Artificial intelligence (AI) already impacts our daily lives in ways we never imagined just a few years ago – and in ways that we’re unaware of now. From self-driving cars to voice-assisted devices to predictive text messaging, AI has become a necessary and unavoidable part of our society, including in the workplace.
Data shows that the use of AI in business is increasing. In 2019, a Gartner report stated that 37% of organizations had implemented AI in some capacity. Most recently, Gartner predicted that the global AI software market would be worth $62.5 billion by the end of this year, a 21% jump from the previous year.
While AI’s impact is undeniable, consumers’ concerns about the ethics and security of AI technology persist. Because of this, companies must strive to alleviate these concerns by always protecting customer data when employing AI-enabled technology.
The need for responsible AI
Any consumer-facing organization that employs AI technology must act responsibly, especially when customer data is involved. Tech leaders using AI must give equal focus to two responsibilities at all times: reducing the biases of the models and preserving the confidentiality and privacy of data.
Along with ensuring data security, responsible AI practices should eliminate biases embedded in the models that power it. Companies should regularly evaluate bias that may be present in their vendors’ models, then advise customers on the most appropriate technology for them. This oversight should also correct biases with pre-and post-processing rules.
While companies cannot remove the biases inherent to AI systems trained on large quantities of data, they can work to minimize adverse effects. Here are some best practices:
1. Put people first
AI can be beneficial in reducing the amount of repetitive work carried out by humans, but humans should still be prioritized. Create a culture that doesn’t imply an either/or scenario between AI and humans. Tap into human teams’ creativity, empathy, and dexterity, and let AI create more efficiencies.
2. Consider data and privacy goals
Once the goals, long-term vision, and mission are put in place, ask yourself: What does the company own? There are numerous foundation models or solutions that can be used without any training data, but in some cases, the degree of accuracy could be much higher.
Adapting AI systems to the company goals and data will yield the best results. Done correctly, data preparation and cleaning can remove biases during this step. Removing bias from data is key to developing responsible AI solutions. You can remove features that impact the overall result and further perpetuate existing biases.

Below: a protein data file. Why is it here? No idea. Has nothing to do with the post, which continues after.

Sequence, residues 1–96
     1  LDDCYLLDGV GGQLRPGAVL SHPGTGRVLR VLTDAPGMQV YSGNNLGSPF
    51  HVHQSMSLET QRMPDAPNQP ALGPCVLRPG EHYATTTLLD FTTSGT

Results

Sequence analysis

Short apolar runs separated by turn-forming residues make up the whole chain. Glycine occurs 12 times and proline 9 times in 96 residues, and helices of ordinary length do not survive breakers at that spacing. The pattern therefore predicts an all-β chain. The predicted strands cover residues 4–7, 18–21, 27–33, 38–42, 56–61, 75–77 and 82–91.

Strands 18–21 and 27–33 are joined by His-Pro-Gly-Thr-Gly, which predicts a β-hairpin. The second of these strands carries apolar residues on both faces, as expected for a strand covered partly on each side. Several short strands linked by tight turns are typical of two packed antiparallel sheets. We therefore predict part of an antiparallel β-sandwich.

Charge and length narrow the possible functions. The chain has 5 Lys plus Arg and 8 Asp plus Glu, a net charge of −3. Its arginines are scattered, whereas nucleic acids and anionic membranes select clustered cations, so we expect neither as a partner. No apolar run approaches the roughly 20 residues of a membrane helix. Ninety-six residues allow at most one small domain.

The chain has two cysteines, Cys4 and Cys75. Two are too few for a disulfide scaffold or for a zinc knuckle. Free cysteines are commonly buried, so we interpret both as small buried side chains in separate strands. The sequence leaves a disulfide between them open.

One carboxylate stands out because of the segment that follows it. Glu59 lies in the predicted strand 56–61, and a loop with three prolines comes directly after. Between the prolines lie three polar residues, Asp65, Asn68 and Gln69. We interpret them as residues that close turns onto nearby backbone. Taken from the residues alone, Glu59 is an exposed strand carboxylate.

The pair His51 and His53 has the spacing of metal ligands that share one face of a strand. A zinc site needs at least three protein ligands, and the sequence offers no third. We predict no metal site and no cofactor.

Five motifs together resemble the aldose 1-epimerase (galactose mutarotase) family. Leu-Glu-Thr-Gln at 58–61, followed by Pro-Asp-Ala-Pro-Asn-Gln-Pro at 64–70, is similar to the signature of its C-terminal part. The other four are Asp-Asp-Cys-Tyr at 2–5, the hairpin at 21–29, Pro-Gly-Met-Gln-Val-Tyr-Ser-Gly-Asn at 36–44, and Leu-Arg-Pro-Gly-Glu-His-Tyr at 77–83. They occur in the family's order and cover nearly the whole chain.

On the privacy front, commit to protecting all the data you collect, regardless of how massive the amount is. One way to do this is to work only with third-party vendors who strictly follow the stipulations within crucial pieces of legislation, such as GDPR, and maintain critical security certifications, such as ISO 27001. Adhering to these regulations and earning these certifications take significant effort, but they demonstrate that the organization is qualified to protect customer data.
3. Implement active learning
Once a system is in production, provide human feedback on the technology’s performance and biases. If users detect that output differs depending on the scenario, create guidelines for reporting and fixing those issues. This can be done at the AI system’s core as a correction to the output.
In recent years, some of the world’s largest organizations, including Google, Microsoft, and the European Commission have built frameworks and shared knowledge of their responsible AI guidelines. As more organizations adopt company language related to responsible AI, it will become the expectation from partners and customers.
When one mistake can cost your brand millions of dollars or ruin its reputation and relationship with employees and customers, additional support helps. No one wants to work with an organization that is careless with their customer’s data or that uses biased AI solutions. The sooner your organization addresses these issues, the more consumers will trust you, and the benefits of using AI will start rolling in.
[ Check out our primer on 10 key artificial intelligence terms for IT and business leaders: Cheat sheet: AI glossary. ]
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